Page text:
Copyright © 1999 IOP Publishing Ltd

R

S C

Figure 9.2. A simple equivalent circuit for a pair of electrodes applied to skin.

R and S in parallel. At very low frequencies, the impedance of the capacitance is very high and the total resistance will be equal to R. It is a relatively simple experiment to determine the values of the components in an equivalent circuit by making measurements over a range of sine wave frequencies. This can be done after different types of skin preparation to show the importance of this procedure. The circuit given in figure 9.2 is not the only circuit which can be used; the circuit has approximately the same electrical impedance as a pair of electrodes on the skin, but the components of the circuit do not necessarily correspond to particular parts of the electrodes and tissue, i.e. this is an example of a model which fits the data, and not a model of the actual electrodes and skin. An even better fit can be obtained using the Cole equation given in section 8.3 and question 8.10.2.7 of Chapter 8. We have spent some time considering the electrical contact presented by an electrode placed on the body. The reason for this is that the quality of the contact determines the accuracy of any electrical measurement which is made from the body. Any measurement system has to be designed to minimize the errors introduced by electrode contact. 9.2.3.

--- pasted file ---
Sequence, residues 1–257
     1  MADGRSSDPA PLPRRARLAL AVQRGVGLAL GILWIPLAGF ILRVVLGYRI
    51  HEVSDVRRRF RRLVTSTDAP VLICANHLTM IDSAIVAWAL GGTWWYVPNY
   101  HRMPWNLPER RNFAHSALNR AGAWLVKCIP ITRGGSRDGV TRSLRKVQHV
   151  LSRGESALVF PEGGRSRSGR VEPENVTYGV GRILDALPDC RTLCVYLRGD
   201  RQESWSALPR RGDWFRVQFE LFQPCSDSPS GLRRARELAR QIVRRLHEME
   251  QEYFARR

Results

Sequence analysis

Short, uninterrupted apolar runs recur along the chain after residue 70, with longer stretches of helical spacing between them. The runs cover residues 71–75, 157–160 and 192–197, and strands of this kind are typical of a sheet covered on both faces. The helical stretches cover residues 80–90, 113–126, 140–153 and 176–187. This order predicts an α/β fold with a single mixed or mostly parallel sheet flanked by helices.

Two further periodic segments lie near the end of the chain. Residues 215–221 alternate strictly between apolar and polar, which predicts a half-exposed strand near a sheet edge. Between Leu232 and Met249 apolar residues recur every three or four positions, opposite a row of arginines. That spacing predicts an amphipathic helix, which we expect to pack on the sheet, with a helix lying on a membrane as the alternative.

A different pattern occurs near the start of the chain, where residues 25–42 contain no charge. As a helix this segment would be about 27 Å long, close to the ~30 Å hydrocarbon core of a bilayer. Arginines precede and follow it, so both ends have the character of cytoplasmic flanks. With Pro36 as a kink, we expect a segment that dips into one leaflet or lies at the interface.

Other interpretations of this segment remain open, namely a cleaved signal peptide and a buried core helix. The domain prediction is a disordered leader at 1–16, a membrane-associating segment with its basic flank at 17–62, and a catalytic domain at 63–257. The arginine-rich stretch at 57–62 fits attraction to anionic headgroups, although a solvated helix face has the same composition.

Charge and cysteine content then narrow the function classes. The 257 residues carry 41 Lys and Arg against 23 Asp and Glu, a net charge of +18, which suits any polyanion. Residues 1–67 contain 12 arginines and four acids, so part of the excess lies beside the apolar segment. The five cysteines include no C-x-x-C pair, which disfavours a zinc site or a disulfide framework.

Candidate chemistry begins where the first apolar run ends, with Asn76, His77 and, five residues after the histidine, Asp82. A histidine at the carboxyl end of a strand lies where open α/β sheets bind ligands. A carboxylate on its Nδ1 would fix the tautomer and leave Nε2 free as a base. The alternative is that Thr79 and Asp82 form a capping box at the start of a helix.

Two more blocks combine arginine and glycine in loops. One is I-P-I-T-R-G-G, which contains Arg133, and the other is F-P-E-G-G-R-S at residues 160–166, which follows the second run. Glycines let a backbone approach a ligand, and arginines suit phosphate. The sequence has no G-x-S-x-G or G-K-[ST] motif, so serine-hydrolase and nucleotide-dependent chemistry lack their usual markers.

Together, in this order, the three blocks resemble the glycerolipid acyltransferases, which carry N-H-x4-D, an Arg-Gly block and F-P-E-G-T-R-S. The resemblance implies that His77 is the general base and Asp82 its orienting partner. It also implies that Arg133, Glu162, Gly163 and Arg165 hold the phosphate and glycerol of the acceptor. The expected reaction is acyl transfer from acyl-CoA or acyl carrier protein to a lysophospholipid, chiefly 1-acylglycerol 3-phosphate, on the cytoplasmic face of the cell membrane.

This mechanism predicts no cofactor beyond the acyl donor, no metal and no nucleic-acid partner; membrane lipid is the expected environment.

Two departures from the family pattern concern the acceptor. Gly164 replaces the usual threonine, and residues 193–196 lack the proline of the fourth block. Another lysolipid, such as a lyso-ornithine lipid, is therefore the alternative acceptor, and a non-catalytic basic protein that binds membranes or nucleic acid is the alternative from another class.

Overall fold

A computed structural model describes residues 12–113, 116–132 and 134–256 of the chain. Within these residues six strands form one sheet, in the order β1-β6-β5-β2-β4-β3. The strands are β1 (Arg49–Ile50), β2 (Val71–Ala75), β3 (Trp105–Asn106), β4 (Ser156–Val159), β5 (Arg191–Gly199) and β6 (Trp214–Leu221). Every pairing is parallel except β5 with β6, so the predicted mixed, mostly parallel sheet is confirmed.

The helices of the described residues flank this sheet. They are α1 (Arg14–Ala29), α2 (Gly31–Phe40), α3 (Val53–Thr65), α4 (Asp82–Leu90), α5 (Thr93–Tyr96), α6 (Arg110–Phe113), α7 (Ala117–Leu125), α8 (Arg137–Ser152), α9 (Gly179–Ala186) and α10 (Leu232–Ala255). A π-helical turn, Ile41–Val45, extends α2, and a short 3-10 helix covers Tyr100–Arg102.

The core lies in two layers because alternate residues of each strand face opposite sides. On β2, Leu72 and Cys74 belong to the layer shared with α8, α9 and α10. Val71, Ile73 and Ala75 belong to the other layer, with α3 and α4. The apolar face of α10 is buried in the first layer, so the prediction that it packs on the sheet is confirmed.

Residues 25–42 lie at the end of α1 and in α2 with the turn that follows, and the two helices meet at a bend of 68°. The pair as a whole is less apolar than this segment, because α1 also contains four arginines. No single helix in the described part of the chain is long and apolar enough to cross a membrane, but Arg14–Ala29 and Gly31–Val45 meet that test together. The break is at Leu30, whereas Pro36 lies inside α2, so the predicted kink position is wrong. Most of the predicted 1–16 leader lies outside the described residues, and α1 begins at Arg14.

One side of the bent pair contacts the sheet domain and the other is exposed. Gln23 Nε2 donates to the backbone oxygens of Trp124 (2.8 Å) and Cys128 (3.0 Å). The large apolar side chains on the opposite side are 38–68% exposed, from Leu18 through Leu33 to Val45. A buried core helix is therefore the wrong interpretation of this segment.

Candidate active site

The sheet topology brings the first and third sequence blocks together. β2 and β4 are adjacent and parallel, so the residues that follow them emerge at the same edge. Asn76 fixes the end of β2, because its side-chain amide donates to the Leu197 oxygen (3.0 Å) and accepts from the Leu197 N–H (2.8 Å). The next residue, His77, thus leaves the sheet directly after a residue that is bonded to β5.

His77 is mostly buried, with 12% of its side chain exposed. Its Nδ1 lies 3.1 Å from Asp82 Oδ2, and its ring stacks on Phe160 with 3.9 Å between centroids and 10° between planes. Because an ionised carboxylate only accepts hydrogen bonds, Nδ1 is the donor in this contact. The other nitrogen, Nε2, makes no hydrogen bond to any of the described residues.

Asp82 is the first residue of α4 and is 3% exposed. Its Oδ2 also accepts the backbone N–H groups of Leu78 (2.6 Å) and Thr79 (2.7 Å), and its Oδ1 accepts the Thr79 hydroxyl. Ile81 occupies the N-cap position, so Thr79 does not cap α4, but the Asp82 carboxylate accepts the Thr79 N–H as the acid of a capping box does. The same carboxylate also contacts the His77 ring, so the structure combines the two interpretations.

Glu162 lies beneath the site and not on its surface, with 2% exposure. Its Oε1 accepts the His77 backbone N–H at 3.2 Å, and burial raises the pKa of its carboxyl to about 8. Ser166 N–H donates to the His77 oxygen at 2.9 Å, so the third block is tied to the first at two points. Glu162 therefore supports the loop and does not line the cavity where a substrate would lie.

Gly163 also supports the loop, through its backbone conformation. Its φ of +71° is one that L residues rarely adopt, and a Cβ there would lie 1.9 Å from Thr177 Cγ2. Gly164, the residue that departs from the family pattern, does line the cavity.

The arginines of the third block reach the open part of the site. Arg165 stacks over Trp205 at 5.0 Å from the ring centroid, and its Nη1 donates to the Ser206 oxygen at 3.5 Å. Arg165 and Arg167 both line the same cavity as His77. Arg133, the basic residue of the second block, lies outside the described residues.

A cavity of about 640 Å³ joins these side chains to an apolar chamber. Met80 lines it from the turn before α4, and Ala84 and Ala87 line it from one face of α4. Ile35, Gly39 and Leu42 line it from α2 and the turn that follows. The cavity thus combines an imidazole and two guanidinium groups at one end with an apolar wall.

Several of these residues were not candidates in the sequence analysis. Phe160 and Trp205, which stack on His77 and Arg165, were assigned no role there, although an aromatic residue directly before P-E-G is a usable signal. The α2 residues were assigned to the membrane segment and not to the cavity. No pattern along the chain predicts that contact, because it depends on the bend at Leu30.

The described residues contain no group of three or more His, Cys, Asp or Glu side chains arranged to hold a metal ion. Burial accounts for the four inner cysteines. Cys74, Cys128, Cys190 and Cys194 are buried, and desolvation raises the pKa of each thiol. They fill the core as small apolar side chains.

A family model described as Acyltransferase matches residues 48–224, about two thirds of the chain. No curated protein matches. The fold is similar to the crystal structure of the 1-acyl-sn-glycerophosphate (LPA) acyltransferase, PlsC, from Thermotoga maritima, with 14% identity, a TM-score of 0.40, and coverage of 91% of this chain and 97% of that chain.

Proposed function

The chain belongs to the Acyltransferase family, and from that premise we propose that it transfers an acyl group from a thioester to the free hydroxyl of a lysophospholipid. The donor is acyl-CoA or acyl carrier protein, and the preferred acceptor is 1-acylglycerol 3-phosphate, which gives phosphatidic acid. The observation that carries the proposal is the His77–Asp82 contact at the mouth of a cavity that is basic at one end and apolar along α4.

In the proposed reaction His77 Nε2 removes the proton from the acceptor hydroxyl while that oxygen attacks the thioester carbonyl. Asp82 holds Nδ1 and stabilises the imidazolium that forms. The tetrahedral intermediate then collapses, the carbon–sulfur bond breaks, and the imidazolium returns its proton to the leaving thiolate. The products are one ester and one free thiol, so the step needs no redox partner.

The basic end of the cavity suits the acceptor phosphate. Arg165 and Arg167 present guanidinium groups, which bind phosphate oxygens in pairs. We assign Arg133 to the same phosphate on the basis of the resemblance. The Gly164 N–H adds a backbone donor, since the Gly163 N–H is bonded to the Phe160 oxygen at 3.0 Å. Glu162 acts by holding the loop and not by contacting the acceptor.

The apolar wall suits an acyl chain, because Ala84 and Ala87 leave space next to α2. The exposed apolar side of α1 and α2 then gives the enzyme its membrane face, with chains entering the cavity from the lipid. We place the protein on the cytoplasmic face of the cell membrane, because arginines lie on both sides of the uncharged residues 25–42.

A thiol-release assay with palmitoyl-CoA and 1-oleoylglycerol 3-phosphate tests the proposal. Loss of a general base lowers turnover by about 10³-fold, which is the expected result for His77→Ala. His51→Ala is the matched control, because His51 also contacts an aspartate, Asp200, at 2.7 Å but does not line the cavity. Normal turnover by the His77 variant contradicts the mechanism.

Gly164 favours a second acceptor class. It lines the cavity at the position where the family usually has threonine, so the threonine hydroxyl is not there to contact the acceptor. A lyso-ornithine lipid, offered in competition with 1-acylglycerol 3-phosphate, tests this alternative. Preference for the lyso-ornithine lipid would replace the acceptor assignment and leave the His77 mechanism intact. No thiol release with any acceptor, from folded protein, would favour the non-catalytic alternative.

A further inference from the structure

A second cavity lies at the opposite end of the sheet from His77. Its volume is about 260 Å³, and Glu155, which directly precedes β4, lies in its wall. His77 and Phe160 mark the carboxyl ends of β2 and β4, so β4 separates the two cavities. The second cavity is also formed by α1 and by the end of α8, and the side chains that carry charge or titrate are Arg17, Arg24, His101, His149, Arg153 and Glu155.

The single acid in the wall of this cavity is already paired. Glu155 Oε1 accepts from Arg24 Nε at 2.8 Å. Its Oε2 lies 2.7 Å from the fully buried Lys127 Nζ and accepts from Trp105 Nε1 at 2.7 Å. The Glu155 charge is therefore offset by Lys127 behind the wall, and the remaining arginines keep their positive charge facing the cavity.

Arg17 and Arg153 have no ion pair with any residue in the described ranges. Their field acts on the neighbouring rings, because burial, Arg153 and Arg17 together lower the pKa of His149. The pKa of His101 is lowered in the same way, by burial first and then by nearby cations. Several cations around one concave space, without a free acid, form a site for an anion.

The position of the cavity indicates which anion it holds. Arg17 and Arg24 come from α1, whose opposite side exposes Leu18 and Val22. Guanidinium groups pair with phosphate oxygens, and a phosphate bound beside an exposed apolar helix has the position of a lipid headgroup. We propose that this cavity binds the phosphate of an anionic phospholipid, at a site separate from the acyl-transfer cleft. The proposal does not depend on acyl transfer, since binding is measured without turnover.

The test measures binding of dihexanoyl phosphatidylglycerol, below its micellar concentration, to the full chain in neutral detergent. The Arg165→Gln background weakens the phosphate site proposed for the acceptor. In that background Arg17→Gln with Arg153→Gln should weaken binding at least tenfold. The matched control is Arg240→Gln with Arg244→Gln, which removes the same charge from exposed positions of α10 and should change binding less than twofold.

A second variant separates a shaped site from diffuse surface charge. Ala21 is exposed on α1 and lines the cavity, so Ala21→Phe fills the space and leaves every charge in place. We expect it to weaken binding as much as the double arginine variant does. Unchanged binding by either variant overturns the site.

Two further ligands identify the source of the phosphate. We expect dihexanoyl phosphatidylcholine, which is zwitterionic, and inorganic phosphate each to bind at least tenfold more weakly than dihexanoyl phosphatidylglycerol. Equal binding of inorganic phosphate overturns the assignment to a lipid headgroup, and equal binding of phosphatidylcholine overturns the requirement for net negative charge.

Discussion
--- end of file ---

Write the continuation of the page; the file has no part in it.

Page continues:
Types of electrode

There is no clear classification of electrodes, but the following three groups include most of the commonly used types: • • •

microelectrodes: electrodes which are used to measure the potential either inside or very close to a single cell; needle electrodes: electrodes used to pass through the skin and record potentials from a small area, such as a motor unit within a muscle; and surface electrodes: electrodes applied to the surface of the body and used to record signals such as the ECG and EEG.